1. Japan PM Shinzo Abe urges North Korea to refrain from more provocative actions

Japan PM Shinzo Abe urges North Korea to refrain from more provocative actions

Japanese Prime Minister Shinzo Abe urged North Korea on Monday to refrain from taking further provocative actions, comply with UN resolutions and abandon its nuclear missile development.

By: | Tokyo | Updated: April 17, 2017 9:47 AM
Japanese Prime Minister Shinzo Abe Shinzo Abe told parliament he would exchange views on North Korea with Russian President Vladimir Putin when they hold a summit meeting later this month. (Reuters)

Japanese Prime Minister Shinzo Abe urged North Korea on Monday to refrain from taking further provocative actions, comply with U.N. resolutions and abandon its nuclear missile development. Tensions on the Korean peninsula have escalated as U.S. President Donald Trump takes a hard rhetorical line with North Korean leader Kim Jong Un, who has rebuffed admonitions from China and proceeded with missile tests. North Korea launched a ballistic missile on Sunday but it blew up almost immediately, the U.S. Pacific Command said.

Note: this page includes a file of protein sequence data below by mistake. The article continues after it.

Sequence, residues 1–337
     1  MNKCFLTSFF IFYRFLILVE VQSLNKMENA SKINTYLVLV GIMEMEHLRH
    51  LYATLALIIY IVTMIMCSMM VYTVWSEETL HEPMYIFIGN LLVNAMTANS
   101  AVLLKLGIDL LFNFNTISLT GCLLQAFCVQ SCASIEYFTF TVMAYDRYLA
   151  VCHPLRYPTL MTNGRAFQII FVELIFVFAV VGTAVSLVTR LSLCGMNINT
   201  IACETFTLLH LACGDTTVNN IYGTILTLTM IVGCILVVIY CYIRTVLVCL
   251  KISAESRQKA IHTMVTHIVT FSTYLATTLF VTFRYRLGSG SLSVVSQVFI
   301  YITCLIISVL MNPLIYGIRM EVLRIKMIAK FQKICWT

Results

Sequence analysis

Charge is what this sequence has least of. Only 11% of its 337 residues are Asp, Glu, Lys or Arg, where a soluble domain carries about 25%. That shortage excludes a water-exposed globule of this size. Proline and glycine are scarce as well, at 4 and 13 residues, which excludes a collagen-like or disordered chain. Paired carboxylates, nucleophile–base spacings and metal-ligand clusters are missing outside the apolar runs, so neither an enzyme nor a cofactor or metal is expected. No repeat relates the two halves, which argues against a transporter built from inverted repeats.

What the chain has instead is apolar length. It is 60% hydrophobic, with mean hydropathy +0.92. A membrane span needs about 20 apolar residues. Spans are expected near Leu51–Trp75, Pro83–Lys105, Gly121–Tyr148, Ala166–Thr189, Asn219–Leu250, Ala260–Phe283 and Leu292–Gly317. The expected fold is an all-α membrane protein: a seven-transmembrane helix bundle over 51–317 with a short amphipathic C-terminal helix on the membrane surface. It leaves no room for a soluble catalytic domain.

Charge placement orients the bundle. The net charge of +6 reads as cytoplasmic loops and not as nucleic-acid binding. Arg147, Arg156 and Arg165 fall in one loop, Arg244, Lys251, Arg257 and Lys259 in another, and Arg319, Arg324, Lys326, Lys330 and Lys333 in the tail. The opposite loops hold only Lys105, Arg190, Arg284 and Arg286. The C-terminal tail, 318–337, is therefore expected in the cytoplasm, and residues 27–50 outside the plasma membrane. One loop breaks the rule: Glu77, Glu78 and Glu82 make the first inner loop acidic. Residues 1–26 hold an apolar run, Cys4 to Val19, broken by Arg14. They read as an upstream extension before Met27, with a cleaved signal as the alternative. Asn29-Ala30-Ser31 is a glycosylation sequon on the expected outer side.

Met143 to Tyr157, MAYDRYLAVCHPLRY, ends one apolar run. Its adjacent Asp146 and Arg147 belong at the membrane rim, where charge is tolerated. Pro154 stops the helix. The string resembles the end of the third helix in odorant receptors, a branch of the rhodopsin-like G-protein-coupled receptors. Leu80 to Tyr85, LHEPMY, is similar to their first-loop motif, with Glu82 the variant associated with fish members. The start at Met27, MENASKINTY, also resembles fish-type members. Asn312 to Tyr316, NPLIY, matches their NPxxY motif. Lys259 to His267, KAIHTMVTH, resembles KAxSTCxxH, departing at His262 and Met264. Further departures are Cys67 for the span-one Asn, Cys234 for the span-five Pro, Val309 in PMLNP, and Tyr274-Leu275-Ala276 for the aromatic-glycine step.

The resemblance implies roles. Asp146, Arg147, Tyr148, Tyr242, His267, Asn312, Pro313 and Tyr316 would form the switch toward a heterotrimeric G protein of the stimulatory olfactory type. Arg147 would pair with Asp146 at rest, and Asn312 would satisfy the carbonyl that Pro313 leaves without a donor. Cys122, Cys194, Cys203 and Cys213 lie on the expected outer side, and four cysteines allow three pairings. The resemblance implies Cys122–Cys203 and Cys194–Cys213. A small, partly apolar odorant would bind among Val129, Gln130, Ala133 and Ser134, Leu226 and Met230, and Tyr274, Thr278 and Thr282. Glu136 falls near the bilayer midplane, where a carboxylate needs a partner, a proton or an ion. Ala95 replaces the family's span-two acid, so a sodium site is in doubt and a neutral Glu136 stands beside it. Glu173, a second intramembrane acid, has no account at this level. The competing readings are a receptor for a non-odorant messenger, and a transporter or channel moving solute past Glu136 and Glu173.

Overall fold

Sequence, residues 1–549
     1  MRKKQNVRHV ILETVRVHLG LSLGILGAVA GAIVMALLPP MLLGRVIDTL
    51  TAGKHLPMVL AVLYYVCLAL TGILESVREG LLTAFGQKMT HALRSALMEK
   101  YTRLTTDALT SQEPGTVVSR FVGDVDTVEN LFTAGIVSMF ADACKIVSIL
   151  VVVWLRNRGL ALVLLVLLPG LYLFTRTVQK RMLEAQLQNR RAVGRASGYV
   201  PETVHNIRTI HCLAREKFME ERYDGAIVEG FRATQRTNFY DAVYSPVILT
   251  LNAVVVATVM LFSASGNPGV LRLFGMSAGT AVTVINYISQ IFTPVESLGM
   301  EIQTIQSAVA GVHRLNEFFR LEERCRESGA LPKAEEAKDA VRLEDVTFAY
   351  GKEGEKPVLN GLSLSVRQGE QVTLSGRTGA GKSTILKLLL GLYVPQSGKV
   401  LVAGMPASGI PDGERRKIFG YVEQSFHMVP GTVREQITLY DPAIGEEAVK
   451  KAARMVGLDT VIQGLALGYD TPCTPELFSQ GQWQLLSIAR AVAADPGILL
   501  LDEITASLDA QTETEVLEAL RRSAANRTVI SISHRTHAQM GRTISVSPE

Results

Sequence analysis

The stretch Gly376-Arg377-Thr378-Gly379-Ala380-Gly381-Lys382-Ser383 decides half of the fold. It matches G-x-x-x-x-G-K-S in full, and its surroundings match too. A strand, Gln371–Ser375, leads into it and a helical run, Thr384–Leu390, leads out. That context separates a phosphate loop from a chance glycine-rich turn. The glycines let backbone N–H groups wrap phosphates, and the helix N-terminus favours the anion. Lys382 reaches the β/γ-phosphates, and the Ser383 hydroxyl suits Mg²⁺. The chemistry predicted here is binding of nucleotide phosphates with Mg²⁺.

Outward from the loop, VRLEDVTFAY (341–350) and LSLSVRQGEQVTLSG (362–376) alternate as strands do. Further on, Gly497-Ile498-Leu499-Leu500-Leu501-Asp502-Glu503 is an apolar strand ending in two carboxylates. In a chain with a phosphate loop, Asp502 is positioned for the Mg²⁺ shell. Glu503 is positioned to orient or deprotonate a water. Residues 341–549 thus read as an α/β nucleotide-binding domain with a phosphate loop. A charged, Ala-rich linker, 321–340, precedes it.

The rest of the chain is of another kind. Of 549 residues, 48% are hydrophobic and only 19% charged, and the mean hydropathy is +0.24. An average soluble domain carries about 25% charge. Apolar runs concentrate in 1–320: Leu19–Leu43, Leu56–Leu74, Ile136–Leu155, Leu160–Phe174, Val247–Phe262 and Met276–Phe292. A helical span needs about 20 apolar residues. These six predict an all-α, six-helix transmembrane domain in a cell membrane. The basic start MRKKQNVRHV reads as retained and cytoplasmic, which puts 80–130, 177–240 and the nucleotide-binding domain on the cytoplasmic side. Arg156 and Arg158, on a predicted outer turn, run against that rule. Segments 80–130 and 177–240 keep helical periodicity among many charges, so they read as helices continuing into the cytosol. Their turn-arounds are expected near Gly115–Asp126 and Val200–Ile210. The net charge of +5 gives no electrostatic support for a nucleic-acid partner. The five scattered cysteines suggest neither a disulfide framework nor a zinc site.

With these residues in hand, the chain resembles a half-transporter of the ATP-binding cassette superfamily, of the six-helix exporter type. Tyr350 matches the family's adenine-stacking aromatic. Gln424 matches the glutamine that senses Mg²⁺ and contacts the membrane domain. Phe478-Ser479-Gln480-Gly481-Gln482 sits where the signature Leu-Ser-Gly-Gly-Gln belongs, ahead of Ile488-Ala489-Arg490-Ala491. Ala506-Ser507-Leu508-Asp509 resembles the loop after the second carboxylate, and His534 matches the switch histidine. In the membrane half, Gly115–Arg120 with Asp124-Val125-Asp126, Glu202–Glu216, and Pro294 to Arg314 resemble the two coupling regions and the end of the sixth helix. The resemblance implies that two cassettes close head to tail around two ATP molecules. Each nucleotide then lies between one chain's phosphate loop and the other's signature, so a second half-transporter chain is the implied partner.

Abe told parliament he would exchange views on North Korea with Russian President Vladimir Putin when they hold a summit meeting later this month. He also said the government was considering measures to respond to contingencies stemming from a potential crisis on the Korean peninsula, including floods of refugees and how to evacuate Japanese citizens from South Korea. “We assume a series of responses in case of evacuees into Japan, such as protecting them, a process of landing, housing facilities and their management, and a screening whether our nation should protect them,” Abe said.

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Japan’s National Security Council discussed how to evacuate its nearly 60,000 citizens from South Korea in the event of a crisis, a government official said on Friday amid rising concern over North Korea’s nuclear weapons programme. U.S. Vice President Mike Pence visited the demilitarised border between North and South Korea on Monday and reiterated that the U.S. “era of strategic patience” with Pyongyang was over.

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